In sum, the various ways we react to profanity by trying to limit it are grossly ineffectual. They generally don’t decrease how much it’s used, and even when they do, new words spring up in their place. Bleeping or other word-internal censoring strategies still activate the same words in the listener’s or the reader’s mind to the point where they’re usually indistinguishable in memory from the real thing.
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But trying to ban language is more than just ineffectual. The practice is actually its own worst enemy. Here’s what I mean.
We know that taboo words aren’t taboo because they’re intrinsically bad. We’ve seen over the course of this book that profane words are just words; they’re made up of sounds and enter into similar (although not always identical) grammatical patterns to other words. There isn’t a fixed set of profanity in a language—words meander into and out of taboo-ness. Over time, words move fluidly from banal to profane and back again—think about the histories of cock and swive (the now deceased, archaic predecessor to fuck). Nor is there anything unique or defining about what taboo words mean: even if they tend to draw from certain semantic domains, they can denote the very same things as mundane words (like penis and copulate). And in fact, a culture doesn’t even have to have taboo words if historical vicissitudes haven’t conspired to give it any. In other words, there’s nothing deterministic about any particular words having to be profane in any given language at any specific time.
And that means that our beliefs about profanity are largely a social construct. The same word can provoke radically different reactions in different cultures or at different times. In Great Britain the word wanker is bad, slightly worse than nigger. On this side of the pond, it doesn’t even register as profane. And even within a country, when people speak different varieties of the language, there’s remarkable variation. Nigger is profane, except, as we saw, among some speakers of African American English, where nigga is a commonplace word that can be used positively and pro-socially. Profanity isn’t fixed. It’s variable, it’s context-sensitive, and it’s relative. It’s the product of cultural attitudes toward specific words, attitudes that can differ radically from person to person and from culture to culture.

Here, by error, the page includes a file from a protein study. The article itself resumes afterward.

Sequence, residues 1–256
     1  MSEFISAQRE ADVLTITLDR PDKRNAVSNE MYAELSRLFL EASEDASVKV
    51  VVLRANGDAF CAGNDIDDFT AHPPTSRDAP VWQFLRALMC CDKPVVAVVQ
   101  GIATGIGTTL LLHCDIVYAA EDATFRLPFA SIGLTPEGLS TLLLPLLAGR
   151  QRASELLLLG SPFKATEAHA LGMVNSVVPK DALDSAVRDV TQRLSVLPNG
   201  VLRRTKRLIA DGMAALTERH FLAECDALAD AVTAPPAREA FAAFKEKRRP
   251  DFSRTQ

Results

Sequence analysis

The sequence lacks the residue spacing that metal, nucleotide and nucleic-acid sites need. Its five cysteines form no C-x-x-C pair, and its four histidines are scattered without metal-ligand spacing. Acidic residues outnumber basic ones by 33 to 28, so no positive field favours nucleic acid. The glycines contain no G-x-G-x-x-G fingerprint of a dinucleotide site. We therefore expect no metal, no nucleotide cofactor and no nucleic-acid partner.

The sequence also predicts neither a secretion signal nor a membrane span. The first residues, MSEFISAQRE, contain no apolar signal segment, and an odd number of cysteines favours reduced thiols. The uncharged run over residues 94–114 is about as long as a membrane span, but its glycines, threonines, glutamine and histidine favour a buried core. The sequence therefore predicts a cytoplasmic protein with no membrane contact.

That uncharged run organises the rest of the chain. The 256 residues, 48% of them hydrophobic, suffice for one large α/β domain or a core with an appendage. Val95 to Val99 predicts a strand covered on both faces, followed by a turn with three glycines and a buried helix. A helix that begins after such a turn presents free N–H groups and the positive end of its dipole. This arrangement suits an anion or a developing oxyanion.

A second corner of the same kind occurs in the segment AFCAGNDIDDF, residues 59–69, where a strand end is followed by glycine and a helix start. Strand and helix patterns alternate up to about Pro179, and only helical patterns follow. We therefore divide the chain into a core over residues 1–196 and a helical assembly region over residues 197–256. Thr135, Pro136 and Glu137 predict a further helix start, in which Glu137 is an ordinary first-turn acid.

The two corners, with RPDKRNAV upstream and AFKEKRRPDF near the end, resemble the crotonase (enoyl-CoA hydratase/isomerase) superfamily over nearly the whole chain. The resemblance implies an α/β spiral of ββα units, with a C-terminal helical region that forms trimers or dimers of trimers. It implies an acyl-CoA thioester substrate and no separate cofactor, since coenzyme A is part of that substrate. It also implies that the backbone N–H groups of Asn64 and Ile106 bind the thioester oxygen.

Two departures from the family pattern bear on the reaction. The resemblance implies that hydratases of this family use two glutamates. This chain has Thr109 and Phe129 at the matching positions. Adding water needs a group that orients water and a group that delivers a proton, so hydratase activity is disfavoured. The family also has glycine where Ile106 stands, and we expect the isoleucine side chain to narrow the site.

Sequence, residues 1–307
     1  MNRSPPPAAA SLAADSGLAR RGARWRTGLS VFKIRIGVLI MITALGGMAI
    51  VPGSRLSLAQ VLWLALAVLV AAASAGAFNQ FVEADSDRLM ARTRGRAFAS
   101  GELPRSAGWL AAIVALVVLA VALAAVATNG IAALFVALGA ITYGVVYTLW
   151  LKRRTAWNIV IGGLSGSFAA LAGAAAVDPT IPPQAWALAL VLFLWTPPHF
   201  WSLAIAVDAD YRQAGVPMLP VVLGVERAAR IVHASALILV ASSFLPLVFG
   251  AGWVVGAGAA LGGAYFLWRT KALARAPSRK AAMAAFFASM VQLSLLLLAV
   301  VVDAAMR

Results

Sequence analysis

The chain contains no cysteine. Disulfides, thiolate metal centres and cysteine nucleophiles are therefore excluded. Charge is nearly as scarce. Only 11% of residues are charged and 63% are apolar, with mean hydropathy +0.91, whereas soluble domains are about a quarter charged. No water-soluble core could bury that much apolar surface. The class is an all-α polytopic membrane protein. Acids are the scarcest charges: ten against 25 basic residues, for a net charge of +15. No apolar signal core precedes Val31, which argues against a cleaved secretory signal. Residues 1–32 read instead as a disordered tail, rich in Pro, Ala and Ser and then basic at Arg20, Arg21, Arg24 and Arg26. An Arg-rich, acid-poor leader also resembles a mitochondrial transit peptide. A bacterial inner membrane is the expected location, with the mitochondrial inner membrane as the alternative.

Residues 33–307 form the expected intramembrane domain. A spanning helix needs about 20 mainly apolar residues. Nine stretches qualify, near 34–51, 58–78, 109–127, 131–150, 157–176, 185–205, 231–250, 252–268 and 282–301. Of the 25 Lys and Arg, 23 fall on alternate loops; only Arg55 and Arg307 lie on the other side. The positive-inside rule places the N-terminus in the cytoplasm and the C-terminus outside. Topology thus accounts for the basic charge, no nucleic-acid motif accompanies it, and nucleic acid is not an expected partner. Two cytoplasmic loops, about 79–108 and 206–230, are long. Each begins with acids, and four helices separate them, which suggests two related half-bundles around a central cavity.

But for these cultural beliefs to exist, they must somehow be instilled. They must be propagated. And this is where it gets interesting. How do you know which words are the bad ones? Think about your own life experience. How do you know that cunt and nigger are bad?
I suspect you’ll come to the same conclusion as sociologists. The things that create and perpetuate these normative beliefs about words stem from the contexts in which those words are used. You can infer what people mean to do with a word by observing how they use it. If you see someone acting violently toward another person while using a slur, such as shouting You’re a fucking cunt!, that’s good evidence that the word is meant to cause harm. This is surely part of the story. But notice that the situations in which people use the words aren’t enough. For instance, you wouldn’t infer from You’re a fucking cunt! that all the other words in the sentence, like you and a, are also meant to cause harm. So in addition to learning about words from how people use them, you also learn from how they avoid them.